The university president came under fire with calls for her to resign. The Board of Trustees pledged full support of her; the tension on campus escalated with protests and marches. ESPN published a scathing report. It seemed every hour a new story broke.
How would we approach all of this with our students?
The State News, the student independent voice newspaper, was doing a great job of staying on top of the story, but it was not as easy for students in our classes.
After hanging up the phone with Mike, we agreed how we’d approach this in class the next day. We started with a discussion and asked questions.
“How are you feeling?”
“What is the emotional temperature?”
“Are you ready to tackle this case as journalists?”
Perhaps not surprisingly, the class completely absorbed themselves into the discussion. If you are an educator, you understand that feeling when you hit on something and you know everyone is paying attention. Phones are off. Laptops are closed. Eyes are tightly focused on you as you facilitate the conversation.
They wanted to talk and they jumped at the opportunity to tell the story.
We went around the room for story ideas. We decided our first newscast would be a special edition devoted entirely to this case.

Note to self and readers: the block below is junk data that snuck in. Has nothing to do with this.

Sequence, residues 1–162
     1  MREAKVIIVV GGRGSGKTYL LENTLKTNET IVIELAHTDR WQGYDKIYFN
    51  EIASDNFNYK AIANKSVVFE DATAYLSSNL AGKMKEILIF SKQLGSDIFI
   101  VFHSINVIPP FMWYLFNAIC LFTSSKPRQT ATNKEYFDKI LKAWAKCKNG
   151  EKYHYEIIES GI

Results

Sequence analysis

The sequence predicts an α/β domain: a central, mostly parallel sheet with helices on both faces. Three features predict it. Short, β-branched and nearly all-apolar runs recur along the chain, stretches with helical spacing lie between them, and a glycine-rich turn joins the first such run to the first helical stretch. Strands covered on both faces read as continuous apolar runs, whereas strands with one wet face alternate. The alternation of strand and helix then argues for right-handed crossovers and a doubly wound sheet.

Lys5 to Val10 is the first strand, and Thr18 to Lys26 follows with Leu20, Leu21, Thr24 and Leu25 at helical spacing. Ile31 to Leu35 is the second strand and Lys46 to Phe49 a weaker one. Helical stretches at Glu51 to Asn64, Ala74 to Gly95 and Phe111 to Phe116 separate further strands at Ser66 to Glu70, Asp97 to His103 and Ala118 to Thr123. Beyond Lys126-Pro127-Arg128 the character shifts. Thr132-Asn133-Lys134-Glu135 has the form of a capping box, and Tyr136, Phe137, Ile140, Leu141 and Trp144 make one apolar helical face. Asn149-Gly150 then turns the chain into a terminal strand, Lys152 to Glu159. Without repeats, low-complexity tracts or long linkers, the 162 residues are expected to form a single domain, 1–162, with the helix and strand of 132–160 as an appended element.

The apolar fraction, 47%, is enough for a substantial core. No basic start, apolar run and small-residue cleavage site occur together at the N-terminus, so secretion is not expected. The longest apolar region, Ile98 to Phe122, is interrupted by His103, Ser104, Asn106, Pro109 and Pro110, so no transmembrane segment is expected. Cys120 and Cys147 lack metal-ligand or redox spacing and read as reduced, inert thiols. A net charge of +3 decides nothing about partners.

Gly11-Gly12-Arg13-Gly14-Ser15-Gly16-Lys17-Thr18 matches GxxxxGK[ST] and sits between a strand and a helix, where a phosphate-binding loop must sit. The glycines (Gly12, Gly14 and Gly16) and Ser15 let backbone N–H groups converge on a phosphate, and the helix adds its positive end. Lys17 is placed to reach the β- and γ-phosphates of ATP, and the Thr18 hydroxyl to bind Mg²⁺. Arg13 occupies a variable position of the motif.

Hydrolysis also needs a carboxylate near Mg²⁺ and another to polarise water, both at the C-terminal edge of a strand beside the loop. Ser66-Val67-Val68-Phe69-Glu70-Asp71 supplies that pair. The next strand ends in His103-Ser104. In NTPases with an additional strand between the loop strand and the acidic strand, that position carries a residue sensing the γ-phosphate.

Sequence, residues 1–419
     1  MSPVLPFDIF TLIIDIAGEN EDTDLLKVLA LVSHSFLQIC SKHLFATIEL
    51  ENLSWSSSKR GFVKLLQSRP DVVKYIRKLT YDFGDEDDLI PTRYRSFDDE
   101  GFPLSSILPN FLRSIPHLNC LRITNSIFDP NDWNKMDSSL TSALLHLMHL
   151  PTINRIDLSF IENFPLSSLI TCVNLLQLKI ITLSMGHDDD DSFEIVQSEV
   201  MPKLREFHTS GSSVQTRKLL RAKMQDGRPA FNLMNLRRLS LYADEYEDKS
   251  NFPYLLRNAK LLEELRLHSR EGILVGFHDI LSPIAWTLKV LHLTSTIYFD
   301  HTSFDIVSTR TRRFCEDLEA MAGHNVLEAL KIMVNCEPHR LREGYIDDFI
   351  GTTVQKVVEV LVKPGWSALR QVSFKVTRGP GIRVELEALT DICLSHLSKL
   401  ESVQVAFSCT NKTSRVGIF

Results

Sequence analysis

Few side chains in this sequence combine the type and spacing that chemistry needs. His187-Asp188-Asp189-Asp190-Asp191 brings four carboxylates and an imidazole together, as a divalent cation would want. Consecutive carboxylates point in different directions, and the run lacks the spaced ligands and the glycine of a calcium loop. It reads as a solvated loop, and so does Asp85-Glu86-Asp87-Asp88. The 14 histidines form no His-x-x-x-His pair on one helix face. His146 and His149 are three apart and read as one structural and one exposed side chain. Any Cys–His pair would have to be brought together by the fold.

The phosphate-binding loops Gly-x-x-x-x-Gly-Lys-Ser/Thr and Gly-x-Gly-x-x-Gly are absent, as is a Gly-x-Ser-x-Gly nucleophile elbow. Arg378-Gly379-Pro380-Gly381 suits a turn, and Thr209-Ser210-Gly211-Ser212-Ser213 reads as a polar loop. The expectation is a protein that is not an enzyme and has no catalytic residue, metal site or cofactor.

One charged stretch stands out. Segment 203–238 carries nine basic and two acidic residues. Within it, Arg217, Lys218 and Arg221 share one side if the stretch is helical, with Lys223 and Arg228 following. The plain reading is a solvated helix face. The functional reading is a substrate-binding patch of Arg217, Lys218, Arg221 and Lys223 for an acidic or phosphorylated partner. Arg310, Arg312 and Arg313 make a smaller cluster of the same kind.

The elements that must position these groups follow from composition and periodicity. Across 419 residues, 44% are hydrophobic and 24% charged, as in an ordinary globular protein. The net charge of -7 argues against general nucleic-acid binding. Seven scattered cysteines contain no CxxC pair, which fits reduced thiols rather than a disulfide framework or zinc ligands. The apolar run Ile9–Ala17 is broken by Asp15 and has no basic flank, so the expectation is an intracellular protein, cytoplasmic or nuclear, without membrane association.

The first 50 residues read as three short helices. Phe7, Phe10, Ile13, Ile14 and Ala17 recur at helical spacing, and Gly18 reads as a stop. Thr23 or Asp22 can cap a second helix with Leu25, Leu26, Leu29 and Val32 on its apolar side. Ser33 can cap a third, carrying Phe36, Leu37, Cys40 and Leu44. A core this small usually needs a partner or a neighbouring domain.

The weeklong sentencing came to an end, just as class began for the day. Students gathered quietly staring at CNN’s projected images in our newsroom and hallways waiting anxiously for judge Rosemarie Aquilina to seal his fate.
Within the week, the president and athletic director resigned.
The board appointed an unpopular choice for interim president.
The investigation turned to the football and basketball programs.
Another sentencing – this time in another county – and more victim testimony, including a father, full of emotional rage, who lunged to try and attack Nassar.
Over the course of the hearings, 265 women made statements. More protests, and more calls for the board to resign.
There is certainly no lack of stories to be told.
But it takes a toll.
The entire campus community is struggling to deal with all of this.
“We don’t get to mourn our school like everyone else does because you have a job to do. We must separate ourselves,” said Rachel Fradette, State News editor-in-chief.
Everywhere you go, someone will ask, “What is it like on campus right now?”
When you see other faculty in the hallways, you can’t help but discuss the latest news.
One student told me it’s going to be difficult to graduate in May, leaving the university during all this turmoil.
Fradette said covering this case creates mixed emotions.
“The reporting is doing something very important, but at the same time it’s hard to see the school you care about collapse. There’s some guilt to knowing we had a hand in that.”
It takes a toll.
But we can’t let our students down. They deserve that much from us.
Bob Gould is a 1990 graduate of Michigan State University and is now in his 11th year teaching broadcast reporting and media law & ethics in the MSU School of Journalism after working 17 years in a television newsroom. He has been honored with more than 40 industry awards, most recently the “Robin F. Garland National Educator Award” from the National Press Photographers Association.